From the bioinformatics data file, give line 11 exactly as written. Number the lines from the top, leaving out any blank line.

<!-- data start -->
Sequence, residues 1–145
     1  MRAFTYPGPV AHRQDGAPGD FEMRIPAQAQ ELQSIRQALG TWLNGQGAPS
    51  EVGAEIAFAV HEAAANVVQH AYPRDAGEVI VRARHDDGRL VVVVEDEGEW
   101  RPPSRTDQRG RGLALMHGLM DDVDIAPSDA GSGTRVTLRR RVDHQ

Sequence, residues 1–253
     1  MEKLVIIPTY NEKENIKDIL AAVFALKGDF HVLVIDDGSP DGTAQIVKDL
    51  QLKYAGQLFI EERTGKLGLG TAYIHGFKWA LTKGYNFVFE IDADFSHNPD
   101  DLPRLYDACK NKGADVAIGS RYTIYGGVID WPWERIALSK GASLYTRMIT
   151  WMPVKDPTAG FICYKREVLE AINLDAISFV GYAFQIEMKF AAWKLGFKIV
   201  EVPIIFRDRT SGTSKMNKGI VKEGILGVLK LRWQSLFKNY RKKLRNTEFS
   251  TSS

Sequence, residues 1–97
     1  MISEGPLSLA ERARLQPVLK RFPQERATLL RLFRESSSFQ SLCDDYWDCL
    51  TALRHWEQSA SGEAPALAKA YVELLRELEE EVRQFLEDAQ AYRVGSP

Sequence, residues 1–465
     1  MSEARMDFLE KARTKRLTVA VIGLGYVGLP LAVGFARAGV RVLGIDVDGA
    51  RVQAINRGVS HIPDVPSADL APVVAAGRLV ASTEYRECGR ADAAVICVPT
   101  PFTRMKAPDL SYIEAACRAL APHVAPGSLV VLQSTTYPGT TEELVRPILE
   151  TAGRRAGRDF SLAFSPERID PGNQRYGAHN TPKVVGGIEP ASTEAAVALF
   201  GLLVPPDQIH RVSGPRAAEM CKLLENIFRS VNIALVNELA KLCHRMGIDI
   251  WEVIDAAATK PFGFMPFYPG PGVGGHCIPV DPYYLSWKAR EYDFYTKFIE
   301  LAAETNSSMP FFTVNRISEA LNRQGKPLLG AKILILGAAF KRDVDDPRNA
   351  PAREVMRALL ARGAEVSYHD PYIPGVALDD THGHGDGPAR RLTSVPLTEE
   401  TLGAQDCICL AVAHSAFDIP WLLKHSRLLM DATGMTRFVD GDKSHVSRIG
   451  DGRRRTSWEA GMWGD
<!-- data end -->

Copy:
   251  TSS